Rutin has both anti-inflammatory (that is, it may protect against or prevent diabetes-related complications) and antidiabetic properties that may prevent high blood sugar. Also, quercitin has been shown to help our body normalize the digestion of carbohydrates.
Now, it’s worth mentioning that none of this matters if you’re drinking your matcha tea with lots of sugar, sweeteners, and milk. In this situation, the carb content will nullify any possible blood-sugar-lowering effects of the matcha.
May Promote Bone Health
Aging can affect your bones. Fortunately, green tea antioxidants may provide potential protection against bone loss and the risk of bone fracture.
According to a 2020 study, this osteoprotection is due to catechins that are found in matcha. In fact, matcha boasts high levels of these wonderful compounds. Due to their antioxidant and powerful anti-inflammatory properties, catechins may be able to fight against the negative effects of osteoporosis.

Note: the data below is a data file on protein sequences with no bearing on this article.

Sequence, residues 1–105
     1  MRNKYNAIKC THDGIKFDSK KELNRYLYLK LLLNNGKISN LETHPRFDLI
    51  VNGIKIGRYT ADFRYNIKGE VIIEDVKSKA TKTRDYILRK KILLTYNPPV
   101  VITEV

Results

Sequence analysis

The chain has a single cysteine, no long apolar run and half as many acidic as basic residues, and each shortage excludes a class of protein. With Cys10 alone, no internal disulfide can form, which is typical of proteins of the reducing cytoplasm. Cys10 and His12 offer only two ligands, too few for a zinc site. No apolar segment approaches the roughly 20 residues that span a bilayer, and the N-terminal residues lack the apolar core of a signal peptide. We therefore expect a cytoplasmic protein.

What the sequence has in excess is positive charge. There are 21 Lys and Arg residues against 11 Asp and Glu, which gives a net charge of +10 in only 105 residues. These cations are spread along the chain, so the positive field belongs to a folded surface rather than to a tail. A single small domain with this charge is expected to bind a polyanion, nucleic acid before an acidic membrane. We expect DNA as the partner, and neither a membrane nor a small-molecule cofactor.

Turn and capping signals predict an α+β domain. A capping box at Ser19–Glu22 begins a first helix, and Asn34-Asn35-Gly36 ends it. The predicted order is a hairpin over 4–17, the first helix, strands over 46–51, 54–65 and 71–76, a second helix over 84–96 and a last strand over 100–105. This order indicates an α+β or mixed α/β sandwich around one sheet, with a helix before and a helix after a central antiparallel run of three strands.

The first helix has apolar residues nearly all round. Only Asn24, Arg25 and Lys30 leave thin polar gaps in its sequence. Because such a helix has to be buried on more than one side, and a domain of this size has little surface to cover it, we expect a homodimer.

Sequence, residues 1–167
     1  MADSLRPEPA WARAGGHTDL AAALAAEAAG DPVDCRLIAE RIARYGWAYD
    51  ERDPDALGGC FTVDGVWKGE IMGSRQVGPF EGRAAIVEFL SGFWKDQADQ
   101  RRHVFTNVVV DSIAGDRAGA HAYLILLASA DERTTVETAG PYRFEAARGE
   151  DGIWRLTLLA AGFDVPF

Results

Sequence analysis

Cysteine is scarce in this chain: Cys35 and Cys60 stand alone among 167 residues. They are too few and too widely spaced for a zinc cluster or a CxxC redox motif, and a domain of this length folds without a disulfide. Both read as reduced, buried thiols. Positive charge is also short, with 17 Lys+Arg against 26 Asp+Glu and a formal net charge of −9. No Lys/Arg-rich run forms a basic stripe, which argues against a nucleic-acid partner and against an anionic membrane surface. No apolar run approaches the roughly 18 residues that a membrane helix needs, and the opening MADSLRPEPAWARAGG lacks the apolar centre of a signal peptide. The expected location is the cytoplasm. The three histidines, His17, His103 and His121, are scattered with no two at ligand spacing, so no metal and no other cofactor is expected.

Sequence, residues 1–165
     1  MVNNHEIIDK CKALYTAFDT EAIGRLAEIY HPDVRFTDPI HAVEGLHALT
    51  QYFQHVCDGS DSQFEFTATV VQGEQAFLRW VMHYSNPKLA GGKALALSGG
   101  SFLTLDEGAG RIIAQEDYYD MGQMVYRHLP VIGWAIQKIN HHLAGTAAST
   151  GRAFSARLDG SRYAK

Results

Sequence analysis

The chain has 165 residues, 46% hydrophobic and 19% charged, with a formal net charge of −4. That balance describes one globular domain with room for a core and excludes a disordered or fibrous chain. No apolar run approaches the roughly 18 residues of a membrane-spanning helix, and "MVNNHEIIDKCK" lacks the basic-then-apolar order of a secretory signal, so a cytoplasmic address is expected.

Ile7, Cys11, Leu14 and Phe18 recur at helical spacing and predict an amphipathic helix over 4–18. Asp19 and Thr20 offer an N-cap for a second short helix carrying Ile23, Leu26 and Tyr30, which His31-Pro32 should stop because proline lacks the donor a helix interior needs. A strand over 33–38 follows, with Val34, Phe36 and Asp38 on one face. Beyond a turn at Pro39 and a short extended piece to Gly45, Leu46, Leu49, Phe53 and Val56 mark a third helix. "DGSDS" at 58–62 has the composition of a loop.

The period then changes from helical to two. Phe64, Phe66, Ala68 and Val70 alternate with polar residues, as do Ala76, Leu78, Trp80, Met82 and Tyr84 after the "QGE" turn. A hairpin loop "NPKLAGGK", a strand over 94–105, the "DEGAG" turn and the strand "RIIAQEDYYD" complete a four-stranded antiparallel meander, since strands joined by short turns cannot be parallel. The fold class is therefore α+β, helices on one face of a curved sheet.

While more human studies are needed to determine the matcha’s ability to prevent and protect against bone loss, it seems that when consumed in regular and sufficient amounts, Japanese green tea is effective.
May Slow Down the Aging Process
The catechins found in matcha may be your body’s next best friend, as several studies found that these compounds prevent premature aging. Now, aging doesn’t mean just wrinkles and gray hairs. There are many ways your body will feel and show its age, including the health of your bones and skin and how long you live.
High antioxidant-rich foods, matcha tea included, are thought to slow the aging process by helping to restore damaged DNA, inhibiting mutation of DNA, and preventing oxidation. For instance, UV rays cause DNA damage, which can lead to skin cancer. Well, matcha may be able to reduce the risk of it.